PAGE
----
How to be an awesome ally to LGBTQ+ people with a disability
This post was written by Astrid. Astrid (she/her) is a queer disabled woman living on unceded Gadigal land
With 20% of Australians identifying as having a disability, even if we’re not disabled ourselves, most of us have a friend who is disabled. We might also have a romantic or sexual relationship with a disabled person.
Being part of the LGBTQ+ community, we appreciate our allies. So how can you be an awesome ally to a friend or relationship partner with disability?
Just like anyone else, people with disabilities desire and deserve meaningful relationships. But dating and relationships can be something people with disability have to navigate differently.
To give an example, it can be exhausting for disabled people to constantly have to wonder if venues will be accessible, if events are suited to their needs, and having to explain their limitations to people.
The social model of disability sees disability as a result of the barriers that cause people with impairments to be unable to fully participate in society. Disabled people don’t need to be fixed or cured – society needs to remove the barriers!
Remember that not all disabilities are visible. People may live with mental health challenges, intellectual disability, or chronic illness. Some people have more than one disability. You may have a disability yourself, but your partner has a different disability. Remember that your needs may not be the same – even if you have the same disability!
Being an ally to your friends
To be an ally to your friends with disability, you can do the work in helping to remove the barriers and offer to do things like:
- Offer to be the one to call venues and check that they are accessible. If your friend uses a wheelchair, ask the venue about seating arrangements and toilets.
- Looking out for your friend. Are they experiencing burnout? Would they appreciate some time out at a busy event? Offer to go with them to a quiet area to decompress.
- Not everyone communicates by talking. Other ways of communicating include texting, writing, using sign language (Auslan), facial expressions and gestures. Some people use a number of different ways to communicate. It can help to be aware you might need to change your communication style when meeting with different people.
- If you’re not sure what ‘to do’ when it comes to offering help or inviting people to things when you know they might not be able to come – just ask! This can be as simple as something like ‘When you’re having a flare up, do you want me to still be sending you invites to things? I never want to exclude you, but I also don’t want to put you in a position where you feel even worse saying no- what do you want me to do?’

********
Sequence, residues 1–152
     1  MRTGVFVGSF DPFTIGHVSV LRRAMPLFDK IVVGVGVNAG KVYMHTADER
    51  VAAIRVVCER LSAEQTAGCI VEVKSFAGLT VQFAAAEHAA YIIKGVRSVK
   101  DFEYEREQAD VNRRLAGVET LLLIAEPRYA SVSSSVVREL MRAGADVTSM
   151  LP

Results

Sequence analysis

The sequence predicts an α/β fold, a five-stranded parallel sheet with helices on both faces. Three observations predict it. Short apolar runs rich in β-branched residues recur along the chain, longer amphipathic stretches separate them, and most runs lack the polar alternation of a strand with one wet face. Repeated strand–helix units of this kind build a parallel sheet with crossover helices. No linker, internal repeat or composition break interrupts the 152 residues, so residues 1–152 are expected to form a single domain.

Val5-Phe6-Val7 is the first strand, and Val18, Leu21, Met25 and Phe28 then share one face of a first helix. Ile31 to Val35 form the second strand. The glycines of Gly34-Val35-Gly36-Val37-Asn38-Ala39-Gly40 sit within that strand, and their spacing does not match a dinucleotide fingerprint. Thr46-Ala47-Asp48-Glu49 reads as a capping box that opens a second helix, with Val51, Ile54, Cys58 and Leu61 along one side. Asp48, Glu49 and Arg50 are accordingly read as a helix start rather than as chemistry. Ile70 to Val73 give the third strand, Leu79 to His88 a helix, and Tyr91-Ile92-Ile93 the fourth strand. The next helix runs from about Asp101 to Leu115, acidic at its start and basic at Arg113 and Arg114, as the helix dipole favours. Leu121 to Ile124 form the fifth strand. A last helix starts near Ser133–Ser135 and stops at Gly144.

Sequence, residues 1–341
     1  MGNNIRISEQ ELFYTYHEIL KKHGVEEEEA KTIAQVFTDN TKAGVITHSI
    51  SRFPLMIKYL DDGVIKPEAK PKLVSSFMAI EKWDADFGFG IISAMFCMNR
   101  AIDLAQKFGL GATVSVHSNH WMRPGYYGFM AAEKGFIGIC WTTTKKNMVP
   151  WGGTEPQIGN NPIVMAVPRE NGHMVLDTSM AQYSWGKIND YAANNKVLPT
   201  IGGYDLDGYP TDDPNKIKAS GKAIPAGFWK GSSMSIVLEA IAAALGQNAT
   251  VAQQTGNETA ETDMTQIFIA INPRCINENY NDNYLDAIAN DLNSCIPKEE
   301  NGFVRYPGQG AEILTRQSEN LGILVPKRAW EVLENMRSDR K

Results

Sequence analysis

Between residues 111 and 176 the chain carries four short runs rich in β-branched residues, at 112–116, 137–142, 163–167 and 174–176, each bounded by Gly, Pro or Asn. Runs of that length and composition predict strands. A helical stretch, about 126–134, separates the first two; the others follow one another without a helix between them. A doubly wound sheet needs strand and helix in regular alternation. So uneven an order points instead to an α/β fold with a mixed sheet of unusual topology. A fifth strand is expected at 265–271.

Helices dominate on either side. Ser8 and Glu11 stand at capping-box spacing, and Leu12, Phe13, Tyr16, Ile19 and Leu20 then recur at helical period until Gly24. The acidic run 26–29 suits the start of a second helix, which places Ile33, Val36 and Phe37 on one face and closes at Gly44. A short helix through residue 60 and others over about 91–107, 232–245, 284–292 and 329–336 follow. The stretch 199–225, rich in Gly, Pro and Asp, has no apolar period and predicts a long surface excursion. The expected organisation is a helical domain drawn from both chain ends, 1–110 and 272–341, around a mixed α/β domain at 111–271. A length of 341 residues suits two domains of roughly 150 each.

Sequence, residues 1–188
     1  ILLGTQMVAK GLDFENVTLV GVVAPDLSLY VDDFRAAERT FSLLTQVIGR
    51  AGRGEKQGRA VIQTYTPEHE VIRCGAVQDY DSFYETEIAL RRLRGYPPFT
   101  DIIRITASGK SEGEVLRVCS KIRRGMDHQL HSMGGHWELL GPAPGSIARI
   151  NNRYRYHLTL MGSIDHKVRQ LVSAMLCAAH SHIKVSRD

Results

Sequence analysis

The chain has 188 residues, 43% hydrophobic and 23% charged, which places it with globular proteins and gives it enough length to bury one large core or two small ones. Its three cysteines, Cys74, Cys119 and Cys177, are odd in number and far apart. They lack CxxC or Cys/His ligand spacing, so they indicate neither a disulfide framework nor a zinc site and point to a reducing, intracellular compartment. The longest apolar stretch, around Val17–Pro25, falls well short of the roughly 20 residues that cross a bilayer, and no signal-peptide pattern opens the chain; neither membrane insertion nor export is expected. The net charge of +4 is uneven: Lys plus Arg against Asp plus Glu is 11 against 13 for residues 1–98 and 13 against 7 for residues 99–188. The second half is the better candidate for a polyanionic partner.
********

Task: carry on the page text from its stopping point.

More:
Before doing anything on behalf of your disabled friends, remember to ask. People with disability are used to micro aggressions like someone talking over them, moving their wheelchair without asking, or leaving them out of social plans because they assume they don’t want to do it or wouldn’t want to or be able to attend. Disabled people have a slogan – nothing about us without us – don’t make decisions without asking people first, or make assumptions. When unsure, it is always better to ask!
Being an ally in intimate relationships
All of the advice on how to be a good ally to disabled friends also applies if you’re in a relationship, dating or casually seeing a person with disability. Some other things to be aware of are:
- Educate yourself by reading blog posts or other resources on dating disabled people – especially ones written by disabled people themselves. Disabled people are constantly needing to educate the world around them on how to accommodate their disability, which can be exhausting. Rather than adding to the burden, take time to understand the experiences of disabled people.
- Be aware of ableism – both your own and the ableism of others. We’re all subject to ableist tropes in the media, like that disabled people are “brave”, or “overcome their challenges to live a normal life”. Think about any ableist tropes you’ve seen, and how you can move past them. When dating a disabled person, you also get a view of their world – a world that unfortunately may include rude comments, stares, and inaccessible venues. Talking this over with your partner might give you a connection and help you to overcome any ableist views you hold on to.
- Consent is essential in any sexual relationship, every time you have sex; so make sure that if you’re initiating, you do or say something to find out if they’re into it.
- You may be unsure about the physical aspects of a sexual relationship. Remember, sex is different with every person. If you and your partner are considering a sexual relationship, talk with them first. Disabled people are just as keen to explore their desires as anyone else, so don’t assume someone is not interested in sex – as always, communication and consent are the key!
How to support a disabled friend experiencing relationship violence
LGBTQ+ people with disability experiencing relationship violence face additional barriers; services may be unsuitable for their needs, or lack accessibility. There may be a lack of understanding of LGBTQ+ relationships and chosen families.
Understanding how to be good ally to disabled people can help you support a friend with disability experiencing relationship violence. For more info on how you can help, please see our resource here.